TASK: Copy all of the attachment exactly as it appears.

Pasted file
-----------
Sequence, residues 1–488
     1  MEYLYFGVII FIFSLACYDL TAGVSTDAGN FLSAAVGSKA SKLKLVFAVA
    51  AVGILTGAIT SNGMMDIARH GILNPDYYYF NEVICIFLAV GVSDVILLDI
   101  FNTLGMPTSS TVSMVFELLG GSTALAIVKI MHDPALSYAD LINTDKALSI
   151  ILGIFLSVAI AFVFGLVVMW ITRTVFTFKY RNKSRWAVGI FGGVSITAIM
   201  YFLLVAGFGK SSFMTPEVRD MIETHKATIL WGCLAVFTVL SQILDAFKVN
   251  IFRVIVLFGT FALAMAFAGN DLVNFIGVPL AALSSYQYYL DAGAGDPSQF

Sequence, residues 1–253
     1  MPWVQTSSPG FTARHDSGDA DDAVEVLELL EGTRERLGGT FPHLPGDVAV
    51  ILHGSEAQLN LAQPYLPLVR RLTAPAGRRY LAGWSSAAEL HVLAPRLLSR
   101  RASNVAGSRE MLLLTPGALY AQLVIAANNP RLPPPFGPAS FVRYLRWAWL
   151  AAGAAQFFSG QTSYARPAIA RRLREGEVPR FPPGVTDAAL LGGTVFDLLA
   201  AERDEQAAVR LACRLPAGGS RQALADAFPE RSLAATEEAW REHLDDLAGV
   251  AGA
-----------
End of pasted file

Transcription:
Sequence, residues 1–488
     1  MEYLYFGVII FIFSLACYDL TAGVSTDAGN FLSAAVGSKA SKLKLVFAVA
    51  AVGILTGAIT SNGMMDIARH GILNPDYYYF NEVICIFLAV GVSDVILLDI
   101  FNTLGMPTSS TVSMVFELLG GSTALAIVKI MHDPALSYAD LINTDKALSI
   151  ILGIFLSVAI AFVFGLVVMW ITRTVFTFKY RNKSRWAVGI FGGVSITAIM
   201  YFLLVAGFGK SSFMTPEVRD MIETHKATIL WGCLAVFTVL SQILDAFKVN
   251  IFRVIVLFGT FALAMAFAGN DLVNFIGVPL AALSSYQYYL DAGAGDPSQF

Sequence, residues 1–253
     1  MPWVQTSSPG FTARHDSGDA DDAVEVLELL EGTRERLGGT FPHLPGDVAV
    51  ILHGSEAQLN LAQPYLPLVR RLTAPAGRRY LAGWSSAAEL HVLAPRLLSR
   101  RASNVAGSRE MLLLTPGALY AQLVIAANNP RLPPPFGPAS FVRYLRWAWL
   151  AAGAAQFFSG QTSYARPAIA RRLREGEVPR FPPGVTDAAL LGGTVFDLLA
   201  AERDEQAAVR LACRLPAGGS RQALADAFPE RSLAATEEAW REHLDDLAGV
   251  AGA